The hon. Gentleman says that my remarks are cheap, but it was rich of the Labour party to hold a press conference recently at which the smiling faces did not hide the chasm between Labour Members on child benefit. [HON. MEMBERS: "You should go and join them."] Labour Members say that I should join the Conservatives. I am making the point that the thinking of the Labour and Conservative parties is so similar on some issues that only the Liberal Democrats have distinctive, different policies and a real commitment to explaining how the money for them will be found.
Labour's proposals will be funded by, for example, the removal of child benefit—which as my noble Friend Lord Russell said in the other place the other day, is like robbing Peter to educate Paul. Two thirds of the cost of Labour's proposals for Target 2000 would be funded by a windfall tax. We all know that a windfall tax comes only once, and when it has been spent it will not be there for further years. We know what Labour would do in year one, but when the hon. Member for Wallsend (Mr. Byers) winds up, I hope that he will say what his Government would do in year two. It will also be interesting to hear from him how Labour will deliver Target 2000. Normally, politicians make all sorts of promises but fail to say from where the money will come. In this case, Labour has stated neither its intentions nor the source of the funding—just that it will set a target.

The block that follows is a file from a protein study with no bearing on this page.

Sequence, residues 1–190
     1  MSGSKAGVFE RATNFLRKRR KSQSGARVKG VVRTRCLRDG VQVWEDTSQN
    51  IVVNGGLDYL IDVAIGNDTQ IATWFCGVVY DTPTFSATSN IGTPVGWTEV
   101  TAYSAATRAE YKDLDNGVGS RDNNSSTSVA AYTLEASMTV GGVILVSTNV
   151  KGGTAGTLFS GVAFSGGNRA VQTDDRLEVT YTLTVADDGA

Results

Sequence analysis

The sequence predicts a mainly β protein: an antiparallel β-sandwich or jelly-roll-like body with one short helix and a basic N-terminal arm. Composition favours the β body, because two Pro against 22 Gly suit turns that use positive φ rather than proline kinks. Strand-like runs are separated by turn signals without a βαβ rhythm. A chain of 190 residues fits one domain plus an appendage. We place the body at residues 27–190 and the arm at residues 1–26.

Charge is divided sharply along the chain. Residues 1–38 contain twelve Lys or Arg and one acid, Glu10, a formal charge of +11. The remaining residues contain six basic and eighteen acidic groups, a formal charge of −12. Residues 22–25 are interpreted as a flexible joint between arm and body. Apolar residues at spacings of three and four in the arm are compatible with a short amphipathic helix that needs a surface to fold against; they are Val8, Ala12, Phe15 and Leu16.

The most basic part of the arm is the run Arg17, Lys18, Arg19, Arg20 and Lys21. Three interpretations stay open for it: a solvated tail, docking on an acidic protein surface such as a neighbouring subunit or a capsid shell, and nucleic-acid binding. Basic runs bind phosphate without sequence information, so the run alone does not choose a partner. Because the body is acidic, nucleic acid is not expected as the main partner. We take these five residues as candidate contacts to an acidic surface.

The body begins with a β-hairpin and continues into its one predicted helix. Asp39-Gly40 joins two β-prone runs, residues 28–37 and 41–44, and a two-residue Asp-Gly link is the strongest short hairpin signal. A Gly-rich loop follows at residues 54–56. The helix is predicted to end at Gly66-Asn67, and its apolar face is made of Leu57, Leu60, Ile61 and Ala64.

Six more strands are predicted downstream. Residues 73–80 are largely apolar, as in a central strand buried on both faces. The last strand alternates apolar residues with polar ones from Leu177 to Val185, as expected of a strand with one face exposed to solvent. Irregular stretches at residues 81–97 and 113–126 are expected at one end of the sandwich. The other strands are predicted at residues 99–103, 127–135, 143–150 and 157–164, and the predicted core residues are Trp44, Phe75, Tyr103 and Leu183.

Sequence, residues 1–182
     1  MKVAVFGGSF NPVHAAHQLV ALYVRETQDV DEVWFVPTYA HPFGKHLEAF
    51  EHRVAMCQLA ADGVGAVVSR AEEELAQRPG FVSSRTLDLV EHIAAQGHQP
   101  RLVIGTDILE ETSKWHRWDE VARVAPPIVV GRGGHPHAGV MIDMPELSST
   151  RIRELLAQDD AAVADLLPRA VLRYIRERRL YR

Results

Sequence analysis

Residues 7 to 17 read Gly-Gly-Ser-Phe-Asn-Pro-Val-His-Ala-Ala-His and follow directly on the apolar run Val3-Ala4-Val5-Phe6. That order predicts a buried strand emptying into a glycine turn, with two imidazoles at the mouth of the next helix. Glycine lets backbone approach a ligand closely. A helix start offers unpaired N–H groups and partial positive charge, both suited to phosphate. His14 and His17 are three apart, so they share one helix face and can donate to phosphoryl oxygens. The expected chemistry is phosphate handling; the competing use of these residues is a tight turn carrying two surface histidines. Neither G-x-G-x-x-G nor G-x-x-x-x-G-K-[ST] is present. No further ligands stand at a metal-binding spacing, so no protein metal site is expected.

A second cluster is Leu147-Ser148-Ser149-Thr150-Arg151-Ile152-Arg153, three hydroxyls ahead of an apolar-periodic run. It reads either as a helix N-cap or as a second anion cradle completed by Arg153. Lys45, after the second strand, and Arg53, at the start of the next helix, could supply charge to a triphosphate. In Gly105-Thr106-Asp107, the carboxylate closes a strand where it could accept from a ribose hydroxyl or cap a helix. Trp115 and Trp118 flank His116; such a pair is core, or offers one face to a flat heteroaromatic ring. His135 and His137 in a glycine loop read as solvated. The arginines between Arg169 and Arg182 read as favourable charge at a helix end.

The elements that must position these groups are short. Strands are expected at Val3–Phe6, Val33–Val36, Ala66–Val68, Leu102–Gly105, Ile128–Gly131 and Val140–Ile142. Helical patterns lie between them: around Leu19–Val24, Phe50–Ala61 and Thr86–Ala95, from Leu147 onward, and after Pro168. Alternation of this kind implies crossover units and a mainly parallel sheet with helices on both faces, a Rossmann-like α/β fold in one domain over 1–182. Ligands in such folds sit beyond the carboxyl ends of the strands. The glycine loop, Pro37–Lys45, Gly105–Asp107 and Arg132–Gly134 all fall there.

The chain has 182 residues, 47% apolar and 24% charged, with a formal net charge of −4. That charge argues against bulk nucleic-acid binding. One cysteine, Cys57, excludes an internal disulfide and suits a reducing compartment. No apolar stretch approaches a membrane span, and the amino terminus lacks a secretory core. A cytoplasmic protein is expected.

The hon. Member for Wallsend will forgive me for reminding him that in a television programme on which he and I appeared yesterday, he was asked whether Target 2000 would be delivered by further education colleges or TECs but was unable to answer.